Iceland is extremely protective of their language. Instead of loaning words from other languages, they repurpose old ones. Telephone is 'simi', meaning thread, jet plane is 'thota', meaning to zoom and the word for computer, 'tölva' translates to number priestess or numbers witch.
27. Homosexuality was still classified as an illness in Sweden in 1979. Swedes protested by calling in sick to work, claiming they "felt gay".
28. Sweden was the first country to find out about the censored Chernobyl accident when one of the workers at the Forsmark power plant in Sweden set off evacuation alarms when radiation detectors went off after he had walked through grass that had been contaminated from radioactive rain picked up from Chernobyl over 800 miles away.
29. People who wanted to commit suicide in 18th-century Denmark were afraid to take their own lives because they believed it would send them to hell. Instead, they resorted to killing other people to receive the death penalty and repented before execution, believing that doing so would send them to heaven.
30. In Finland, they have 'National Sleepy Head day', where the last person in a family to wake up is thrown into a lake or the sea by the rest of the family.
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In Iceland, the phonebook is sorted by first names because everyone's surname is basically their father's first name followed by -son or -dottir.
32. Linje Akvavit is a flavored liquor from Norway. It is shipped from Norway to Australia and back before being bottled. The sloshing and temperature change the liquor. Experiences on the ship impart certain flavors to the beverage. Akvavit is traditionally served as a holiday drink.
33. Helsinki cunningly survived World War 2. In 1944, USSR began a massive air attack on the city to force Finland to leave the war. Finns used fires and searchlights to trick Soviet bombers into dropping bombs outside the city. Russian diplomats were surprised to find an intact Helsinki after the war.
34. The parliament (Althing) of Iceland, established in 930 A.D., is the oldest active parliament in the world.
35. When Underdog Iceland reached the quarter-final of the 2016 Euro Cup, 10% of Iceland's population traveled to France for the game. The team coach was also a dentist.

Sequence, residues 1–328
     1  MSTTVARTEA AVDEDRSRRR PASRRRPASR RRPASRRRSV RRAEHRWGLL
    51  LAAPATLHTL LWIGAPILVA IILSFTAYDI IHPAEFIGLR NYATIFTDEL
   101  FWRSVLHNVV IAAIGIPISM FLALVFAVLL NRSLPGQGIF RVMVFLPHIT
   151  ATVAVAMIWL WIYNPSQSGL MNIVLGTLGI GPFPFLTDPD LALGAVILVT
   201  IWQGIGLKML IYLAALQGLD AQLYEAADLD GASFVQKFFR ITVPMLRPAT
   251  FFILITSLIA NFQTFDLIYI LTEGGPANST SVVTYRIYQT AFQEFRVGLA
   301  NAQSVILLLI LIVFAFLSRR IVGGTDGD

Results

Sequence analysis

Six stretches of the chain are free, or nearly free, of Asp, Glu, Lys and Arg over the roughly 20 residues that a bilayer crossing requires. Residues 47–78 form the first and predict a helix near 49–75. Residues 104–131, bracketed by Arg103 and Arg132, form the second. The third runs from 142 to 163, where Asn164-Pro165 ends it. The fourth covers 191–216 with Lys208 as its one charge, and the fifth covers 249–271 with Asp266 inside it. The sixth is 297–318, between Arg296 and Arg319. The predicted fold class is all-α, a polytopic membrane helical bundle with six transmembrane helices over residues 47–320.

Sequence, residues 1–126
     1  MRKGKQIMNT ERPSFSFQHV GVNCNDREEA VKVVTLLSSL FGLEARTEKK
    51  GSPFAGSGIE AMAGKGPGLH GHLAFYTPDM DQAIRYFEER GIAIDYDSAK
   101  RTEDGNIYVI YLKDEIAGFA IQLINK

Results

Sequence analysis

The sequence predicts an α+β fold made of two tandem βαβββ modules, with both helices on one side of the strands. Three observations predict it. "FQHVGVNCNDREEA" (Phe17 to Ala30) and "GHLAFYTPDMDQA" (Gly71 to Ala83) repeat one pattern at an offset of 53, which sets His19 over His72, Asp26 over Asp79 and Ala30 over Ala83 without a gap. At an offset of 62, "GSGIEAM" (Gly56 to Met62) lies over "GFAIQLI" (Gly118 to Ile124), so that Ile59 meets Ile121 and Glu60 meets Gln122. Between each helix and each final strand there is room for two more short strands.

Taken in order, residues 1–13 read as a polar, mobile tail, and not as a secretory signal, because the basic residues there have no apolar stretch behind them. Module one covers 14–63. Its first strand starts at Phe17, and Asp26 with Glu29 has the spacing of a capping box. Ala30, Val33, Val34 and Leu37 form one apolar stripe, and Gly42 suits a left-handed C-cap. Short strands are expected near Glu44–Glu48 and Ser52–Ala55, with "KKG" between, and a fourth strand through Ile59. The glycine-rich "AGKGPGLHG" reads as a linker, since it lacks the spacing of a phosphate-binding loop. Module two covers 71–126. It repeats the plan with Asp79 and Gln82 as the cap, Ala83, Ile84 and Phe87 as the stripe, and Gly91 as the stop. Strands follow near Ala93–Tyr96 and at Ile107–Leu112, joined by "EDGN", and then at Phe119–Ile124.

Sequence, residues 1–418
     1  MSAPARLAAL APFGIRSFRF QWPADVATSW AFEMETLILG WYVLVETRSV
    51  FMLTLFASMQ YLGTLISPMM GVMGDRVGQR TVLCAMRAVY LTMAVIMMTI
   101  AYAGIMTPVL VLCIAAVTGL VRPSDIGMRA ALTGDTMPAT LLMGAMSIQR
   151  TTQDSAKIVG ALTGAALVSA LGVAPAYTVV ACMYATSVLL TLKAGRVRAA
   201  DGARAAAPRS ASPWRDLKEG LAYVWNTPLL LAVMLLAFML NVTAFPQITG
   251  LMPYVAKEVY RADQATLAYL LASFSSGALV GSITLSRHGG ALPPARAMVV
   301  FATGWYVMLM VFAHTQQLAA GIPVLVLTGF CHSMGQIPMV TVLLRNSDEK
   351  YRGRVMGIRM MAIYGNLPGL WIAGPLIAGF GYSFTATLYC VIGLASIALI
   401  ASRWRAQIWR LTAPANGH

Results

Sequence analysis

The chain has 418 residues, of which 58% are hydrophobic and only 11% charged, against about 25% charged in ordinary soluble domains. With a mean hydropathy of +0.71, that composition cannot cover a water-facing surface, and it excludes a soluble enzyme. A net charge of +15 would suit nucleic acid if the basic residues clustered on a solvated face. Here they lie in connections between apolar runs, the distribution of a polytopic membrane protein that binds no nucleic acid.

36Trans fats foods
In March 2003, Denmark became the first country to regulate trans fats in foods (2% limit on ingredients) and has since seen a 50% decrease in ischemic heart disease.
37. Stockholm, capital of Sweden, is built on 14 islands, and that the city center is "virtually situated on the water".
38. The United States has more people of Norwegian descent than Norway.
39. In the 1982 Swedish Hot Line Riot, the teens in Sweden hacked the landline system to create a massive party line unbeknownst to adults or HTE phone company. Over 1,000 14-18 year olds then decided to meet at one location with no plans. A riot ensued.
40. Earlier in 2016, Sweden released a telephone number that would put you in touch with a random Swede. More than 32,000 Swedes agreed to take the calls by downloading an app, answering upwards of 180,000 calls from all over the world.
41King Carl Gustaf
In 2001, a teenager in Sweden was arrested on suspicion of treason after throwing a strawberry tart at King Carl Gustaf.
42. Norway, Sweden, and Finland together are not Scandinavia, but are Fennoscandia. Scandinavia actually comprises Norway, Sweden, and Denmark, not Finland.
43. In 2008, Doritos beamed a 30-second advertisement into a planetary system 42 light years away, in collaboration with EISCAT Space Center in Norway.
44. Norway owns an uninhabited frozen island (Bouvet Island) located halfway between Africa and Antarctica.
45. In Iceland, the belief in Elves is so pervasive that it can determine government action. From roads avoiding large rocks (where the Elves "live") to construction permits sometimes requiring the aide of a mystic who can ask the elves to move.
In Iceland, criminals are put on a waiting list to serve their time in prison because there aren't enough available jail cells. Many people who are on this list pay fines or do community service as an alternative to prison.
47. In 1954, archaeologists excavating an 8th-century Viking settlement in Sweden (Helgö) found a Buddha statuette from India.
48. Norway has very strict rules on advertising cars as "green" saying, "cars can do nothing good for the environment except less damage than others".
49. Finland's president (Sauli Niinisto) was in Thailand during the 2004 tsunami. He survived by climbing up a utility pole with his son.
50. There are more bicycles in Copenhagen, Denmark, than people, 5 times as many bicycles as cars, and 400km of cycle lanes not shared with cars or pedestrians for a city of about 600,000 people.